Acer is aiming for the budget-conscious crowd with the Aspire V3-551-8458. For $499, this 15.6-inch notebook features an AMD processor with dedicated graphics, which means you should be able to run Windows 8 smoothly and play mainstream games. This laptop also includes 6GB of RAM, a 750GB hard drive and USB 3.0 support. Not bad at all for a system this affordable.
The V3 is a large, glossy, gray box with rounded corners to take the edge off. The plastic lid is highly susceptible to smudges and fingerprints. However, the shine helps an otherwise drab notebook stand out. The lid's only embellishment is a chrome Acer logo placed prominently in the center.
The notebook's interior is a little more interesting. The deck is divided between a silver matte-gray deck and the palm rest, which carries over the same glossy, gray plastic from the lid. A large speaker grille occupies the top of the deck. The power button sits to the left of the speaker, enhanced by blue, LED lighting.
Weighing 5.4 pounds, the 15 x 9.96 x 0.99-1.3-inch Aspire V3 isn't the lightest 15-inch notebook around, but it's easy to transport this clamshell from room to room. The HP Pavilion g6z weighs 5.2 pounds and measures 1.48 x 9.6 x 1.4 inches, while the Dell Inspiron 15R weighs a heftier 6 pounds and measures 14.9 x 9.9 x 1.2-1.3 inches. If you can make do without a DVD drive, the HP Pavilion Sleekbook 15z is just 4.6 pounds and .83 inches thick.
The Aspire V3's 15.6-inch, 1366 x 768p display is brighter than most in the sub-$500 notebook category. The panel registered 172 lux on our light meter, which beats the HP Sleekbook 15z (142 lux) and HP Pavilion g6z (159 lux). The IdeaPad S400's 171 lux is on a par with this Acer.
During the HD trailer of "Oz: The Great and Powerful," we saw billowy white clouds against a pale blue sky, with hints of yellow and pink peeking throughout. Details were sharp enough that we could see the delicate fissures in the porcelain girl's face and the shimmering rainbow reflection of her airborne bubble.
Although screen reflections can be an issue, the V3's display offers generous viewing angles and can comfortably accommodate up to three people.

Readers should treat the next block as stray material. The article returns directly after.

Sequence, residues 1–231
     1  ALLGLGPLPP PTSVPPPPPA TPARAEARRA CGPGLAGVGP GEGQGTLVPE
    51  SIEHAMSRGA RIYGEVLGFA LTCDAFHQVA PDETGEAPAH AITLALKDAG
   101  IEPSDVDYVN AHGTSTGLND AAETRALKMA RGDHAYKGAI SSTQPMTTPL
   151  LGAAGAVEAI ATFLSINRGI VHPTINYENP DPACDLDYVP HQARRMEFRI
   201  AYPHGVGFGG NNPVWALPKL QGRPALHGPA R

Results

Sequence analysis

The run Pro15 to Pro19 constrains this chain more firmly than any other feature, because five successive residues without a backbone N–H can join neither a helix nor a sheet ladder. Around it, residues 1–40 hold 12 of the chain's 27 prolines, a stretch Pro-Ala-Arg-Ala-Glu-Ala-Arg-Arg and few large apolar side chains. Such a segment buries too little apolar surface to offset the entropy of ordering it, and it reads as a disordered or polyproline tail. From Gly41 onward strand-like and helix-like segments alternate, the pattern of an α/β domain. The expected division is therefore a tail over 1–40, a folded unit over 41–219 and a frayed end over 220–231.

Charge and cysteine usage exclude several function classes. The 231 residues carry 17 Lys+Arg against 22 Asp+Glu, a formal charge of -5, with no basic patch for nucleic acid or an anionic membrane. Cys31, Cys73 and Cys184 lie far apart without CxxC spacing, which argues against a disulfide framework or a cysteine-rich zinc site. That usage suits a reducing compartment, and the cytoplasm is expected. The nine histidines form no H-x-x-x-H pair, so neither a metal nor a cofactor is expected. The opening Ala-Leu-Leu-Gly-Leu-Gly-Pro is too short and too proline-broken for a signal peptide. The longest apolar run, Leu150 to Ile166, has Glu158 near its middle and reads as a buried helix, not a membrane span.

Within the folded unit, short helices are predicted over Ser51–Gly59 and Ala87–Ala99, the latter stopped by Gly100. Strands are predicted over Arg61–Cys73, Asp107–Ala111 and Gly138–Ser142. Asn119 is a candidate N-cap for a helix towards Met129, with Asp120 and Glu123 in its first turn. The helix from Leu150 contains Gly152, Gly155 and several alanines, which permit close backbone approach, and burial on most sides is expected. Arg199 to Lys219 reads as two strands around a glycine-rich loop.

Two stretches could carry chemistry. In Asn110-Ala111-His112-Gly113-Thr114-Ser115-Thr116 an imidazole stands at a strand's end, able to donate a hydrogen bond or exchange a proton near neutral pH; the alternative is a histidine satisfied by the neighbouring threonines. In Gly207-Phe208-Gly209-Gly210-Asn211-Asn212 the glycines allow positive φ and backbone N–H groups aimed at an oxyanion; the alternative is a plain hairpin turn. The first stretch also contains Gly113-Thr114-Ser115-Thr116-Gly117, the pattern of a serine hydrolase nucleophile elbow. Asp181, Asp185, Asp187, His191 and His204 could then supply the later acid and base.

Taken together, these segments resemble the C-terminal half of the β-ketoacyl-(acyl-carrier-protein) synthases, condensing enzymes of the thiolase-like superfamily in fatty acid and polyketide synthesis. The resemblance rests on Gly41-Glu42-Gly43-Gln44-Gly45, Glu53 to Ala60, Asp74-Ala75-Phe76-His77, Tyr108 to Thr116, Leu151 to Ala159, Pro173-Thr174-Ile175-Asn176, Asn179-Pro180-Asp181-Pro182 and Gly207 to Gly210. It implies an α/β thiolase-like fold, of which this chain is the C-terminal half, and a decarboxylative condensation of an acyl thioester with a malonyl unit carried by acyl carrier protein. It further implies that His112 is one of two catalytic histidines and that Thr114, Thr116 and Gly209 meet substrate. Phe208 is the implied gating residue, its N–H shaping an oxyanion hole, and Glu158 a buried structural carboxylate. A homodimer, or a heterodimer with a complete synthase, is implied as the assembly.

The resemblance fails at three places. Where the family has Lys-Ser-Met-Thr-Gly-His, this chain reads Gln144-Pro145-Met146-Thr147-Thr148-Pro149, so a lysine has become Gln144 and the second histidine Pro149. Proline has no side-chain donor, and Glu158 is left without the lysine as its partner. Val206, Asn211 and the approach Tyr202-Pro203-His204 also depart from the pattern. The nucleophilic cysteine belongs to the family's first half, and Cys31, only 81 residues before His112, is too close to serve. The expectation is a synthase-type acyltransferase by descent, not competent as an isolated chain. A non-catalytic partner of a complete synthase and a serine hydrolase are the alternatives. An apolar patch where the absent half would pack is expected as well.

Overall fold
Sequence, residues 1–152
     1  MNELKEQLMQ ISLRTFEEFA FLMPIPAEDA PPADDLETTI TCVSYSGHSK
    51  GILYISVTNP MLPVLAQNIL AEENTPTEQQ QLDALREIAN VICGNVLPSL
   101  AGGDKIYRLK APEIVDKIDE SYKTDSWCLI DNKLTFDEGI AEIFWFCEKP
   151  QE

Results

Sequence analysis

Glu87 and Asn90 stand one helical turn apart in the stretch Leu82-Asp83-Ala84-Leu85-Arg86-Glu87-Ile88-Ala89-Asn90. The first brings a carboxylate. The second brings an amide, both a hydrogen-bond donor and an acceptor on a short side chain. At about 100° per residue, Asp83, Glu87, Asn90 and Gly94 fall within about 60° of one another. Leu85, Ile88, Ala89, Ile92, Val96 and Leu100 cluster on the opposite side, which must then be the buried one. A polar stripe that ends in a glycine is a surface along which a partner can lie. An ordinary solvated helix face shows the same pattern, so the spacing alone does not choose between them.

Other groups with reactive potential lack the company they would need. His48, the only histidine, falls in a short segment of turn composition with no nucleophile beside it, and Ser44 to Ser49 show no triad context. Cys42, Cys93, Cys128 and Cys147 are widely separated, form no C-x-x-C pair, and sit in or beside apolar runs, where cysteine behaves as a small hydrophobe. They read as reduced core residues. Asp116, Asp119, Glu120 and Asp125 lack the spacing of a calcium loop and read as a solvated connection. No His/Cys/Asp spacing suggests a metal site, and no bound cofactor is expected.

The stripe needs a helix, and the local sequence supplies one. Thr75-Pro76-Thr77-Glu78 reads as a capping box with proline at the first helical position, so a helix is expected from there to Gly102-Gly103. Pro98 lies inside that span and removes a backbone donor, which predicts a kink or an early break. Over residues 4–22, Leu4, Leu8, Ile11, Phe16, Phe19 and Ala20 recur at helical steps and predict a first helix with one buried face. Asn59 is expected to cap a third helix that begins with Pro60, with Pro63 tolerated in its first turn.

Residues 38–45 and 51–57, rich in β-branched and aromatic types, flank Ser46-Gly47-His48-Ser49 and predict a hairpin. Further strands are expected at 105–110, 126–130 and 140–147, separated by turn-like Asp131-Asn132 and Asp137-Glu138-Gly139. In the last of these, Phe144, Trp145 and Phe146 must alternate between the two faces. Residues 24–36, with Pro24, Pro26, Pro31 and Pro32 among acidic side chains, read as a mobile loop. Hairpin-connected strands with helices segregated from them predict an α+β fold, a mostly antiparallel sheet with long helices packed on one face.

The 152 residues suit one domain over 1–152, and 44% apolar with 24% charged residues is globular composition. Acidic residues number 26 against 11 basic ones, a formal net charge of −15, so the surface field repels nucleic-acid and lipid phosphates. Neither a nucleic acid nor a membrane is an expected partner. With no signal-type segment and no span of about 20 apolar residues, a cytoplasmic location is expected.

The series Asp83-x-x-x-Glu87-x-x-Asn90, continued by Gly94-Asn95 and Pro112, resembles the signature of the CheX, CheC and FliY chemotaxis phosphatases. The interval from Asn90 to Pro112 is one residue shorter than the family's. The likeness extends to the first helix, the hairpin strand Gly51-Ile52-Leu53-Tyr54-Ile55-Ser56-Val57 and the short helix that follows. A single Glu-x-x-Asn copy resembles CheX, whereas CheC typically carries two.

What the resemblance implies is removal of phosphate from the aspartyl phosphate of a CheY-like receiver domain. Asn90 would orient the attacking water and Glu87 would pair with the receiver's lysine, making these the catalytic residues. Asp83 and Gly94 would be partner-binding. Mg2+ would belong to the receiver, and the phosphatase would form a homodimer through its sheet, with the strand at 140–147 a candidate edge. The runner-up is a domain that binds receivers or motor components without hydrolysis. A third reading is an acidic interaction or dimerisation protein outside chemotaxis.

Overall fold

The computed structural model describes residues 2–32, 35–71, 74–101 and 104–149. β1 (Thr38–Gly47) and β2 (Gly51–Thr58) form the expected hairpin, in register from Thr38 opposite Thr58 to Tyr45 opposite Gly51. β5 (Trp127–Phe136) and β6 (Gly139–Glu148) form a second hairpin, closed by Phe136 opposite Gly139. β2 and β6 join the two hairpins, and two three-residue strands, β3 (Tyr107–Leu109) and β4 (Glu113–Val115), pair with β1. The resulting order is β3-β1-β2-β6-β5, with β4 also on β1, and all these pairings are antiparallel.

Despite the addition of Dolby Home Theater v4 software, audio on the V3 was grating and tinny. The speakers filled our small test room on full volume, but Nirvana's "Smells Like Teen Spirit" sounded hollow. The instrumental was extremely muddy and Kurt Cobain's already garbled delivery was rendered nearly unintelligible.
Keyboard and Touchpad
The V3's island-style keyboard spans the length of the notebook, including a number pad. Overall, the flat keys delivered springy feedback, though we wish the left Tab and Caps Lock keys were a little larger.
The 3.6 x 1.9-inch Synaptics touchpad gave us plenty of silky plastic on which to glide our fingers. Desktop and document navigation was smooth, with no inadvertent cursor jumping. Multi-touch gestures, such as two-finger rotate and three-finger flick, were equally fluid. We also had an easy time performing Windows 8 gestures, such as calling up the Charms menu and Recent Apps bar.
The pair of discrete mouse buttons were mushy and lacked travel, resulting in more deliberate presses than we'd like.
After watching 15 minutes of "Cabin in the Sky" on Netflix at full screen, the Aspire V3's touchpad measured 87 degrees Fahrenheit. The space between the G and H keys was a shade cooler at 86 degrees. The notebook's underside was surprisingly cool at 77 degrees, well below our 95-degree comfort threshold.
The V3's 0.3-megapixel webcam is one of the better ones we've seen in the budget category. We captured images and video in 720p using Acer's Crystal Eye software, observing accurate color and a nice level of detail under both natural and fluorescent light settings. There was a noticeable amount of graininess, but not enough to mar the images.
The right side of the V3 holds a pair of USB 2.0 ports, a DVD burner and a secure lock-slot. On the left side, you'll find a USB 3.0 port, HDMI, VGA, Gigabit Ethernet and jacks for headphones, microphones and an AC adapter. A five-in-one memory card reader sits on the notebook's front left lip.
Like most budget notebooks, the Acer Aspire V3-551-8458 can handle light productivity tasks, Web surfing and social networking. The laptop's 1.9-GHz AMD quad-core A8-5400M APU with 6GB of RAM and a 750GB 5,400-rpm hard drive streamed "The Prophecy" while running a system scan with tabs open in Mozilla Firefox, Google Chrome and Internet Explorer.